Glow stick performances in the dark, tall tales of the Wild Banana, taller tales of wolf-eyes by the privy (teeny tiny wolves about the size of, ahem, raccoons), and lots of stories about the Titanic. Sharing food between campsites, shifting from fire to fire, greeting each other in pajamas, welcoming each other's children to our outdoorsy hearths.

It was a joy.

When we talked about that trip recently, you know what my kids remembered and enjoyed the most?

The rainy day. 

The day where all we could do was sit in the tent eating peanut butter and jam sandwiches, playing Mad Libs with friends, and snuggling into our sleeping bags. 

And I thought that rain was among the worst things that can happen on a camping trip, caught up in the logistics of keeping things dry, making sure everyone was warm and comfortable.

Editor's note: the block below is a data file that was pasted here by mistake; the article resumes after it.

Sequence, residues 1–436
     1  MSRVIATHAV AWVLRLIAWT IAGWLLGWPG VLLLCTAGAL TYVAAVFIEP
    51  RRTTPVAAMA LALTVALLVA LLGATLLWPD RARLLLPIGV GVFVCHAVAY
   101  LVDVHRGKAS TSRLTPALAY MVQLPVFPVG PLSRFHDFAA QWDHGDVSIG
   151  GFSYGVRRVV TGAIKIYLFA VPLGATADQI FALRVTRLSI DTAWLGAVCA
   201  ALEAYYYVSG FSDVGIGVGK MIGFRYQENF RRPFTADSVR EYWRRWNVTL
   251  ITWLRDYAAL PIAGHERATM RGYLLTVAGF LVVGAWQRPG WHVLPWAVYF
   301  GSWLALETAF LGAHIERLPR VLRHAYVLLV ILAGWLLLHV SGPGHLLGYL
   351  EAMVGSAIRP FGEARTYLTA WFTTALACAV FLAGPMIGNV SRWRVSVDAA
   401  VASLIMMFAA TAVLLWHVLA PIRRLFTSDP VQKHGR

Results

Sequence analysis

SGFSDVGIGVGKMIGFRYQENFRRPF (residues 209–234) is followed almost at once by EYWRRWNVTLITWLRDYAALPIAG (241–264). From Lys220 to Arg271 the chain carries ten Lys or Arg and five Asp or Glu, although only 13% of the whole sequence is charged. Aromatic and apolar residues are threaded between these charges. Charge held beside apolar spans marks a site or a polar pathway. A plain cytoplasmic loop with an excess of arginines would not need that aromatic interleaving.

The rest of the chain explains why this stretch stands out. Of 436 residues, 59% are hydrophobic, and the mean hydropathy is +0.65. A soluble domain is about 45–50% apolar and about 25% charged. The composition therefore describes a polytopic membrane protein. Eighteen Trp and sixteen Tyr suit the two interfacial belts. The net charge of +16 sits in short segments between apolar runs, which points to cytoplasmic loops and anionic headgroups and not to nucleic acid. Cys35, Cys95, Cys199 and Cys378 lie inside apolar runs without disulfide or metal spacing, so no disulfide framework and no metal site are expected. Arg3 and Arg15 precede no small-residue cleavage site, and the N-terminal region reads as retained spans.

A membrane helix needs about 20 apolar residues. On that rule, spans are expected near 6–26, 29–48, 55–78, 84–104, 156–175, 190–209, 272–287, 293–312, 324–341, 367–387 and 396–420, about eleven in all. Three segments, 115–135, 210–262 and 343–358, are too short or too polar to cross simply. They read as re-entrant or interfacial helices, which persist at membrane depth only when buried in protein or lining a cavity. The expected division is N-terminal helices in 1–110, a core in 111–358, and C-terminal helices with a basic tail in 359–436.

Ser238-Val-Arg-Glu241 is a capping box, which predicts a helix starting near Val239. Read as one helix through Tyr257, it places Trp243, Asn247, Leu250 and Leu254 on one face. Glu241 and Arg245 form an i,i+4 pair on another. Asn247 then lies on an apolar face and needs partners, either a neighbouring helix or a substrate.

Camping teaches children to live simply and to be grateful for a warm fire and hot chocolate when they wake up, a towel after a swim, and dry socks at bedtime. 

I felt most grateful to see their faces in the early morning tent-glow, sleeping safely and peacefully, ready to face a new day outdoors with a smile and a sense of wonder. I learned a lot too.

Thursday, August 13, 2015

circle of warmth and light

We wake up early. 

My husband starts a fire while I start the coffee. Pull the breakfast makings from the cooler. Enjoy a quiet moment of sunrise before the kids slowly emerge from their tents, heralded by the buzz of the zipper being opened. 

I warm milk for them as they awaken, stirring in some hot chocolate powder. They gather around the fire to draw in its warmth and look ahead to the day full of nothing, the day full of everything.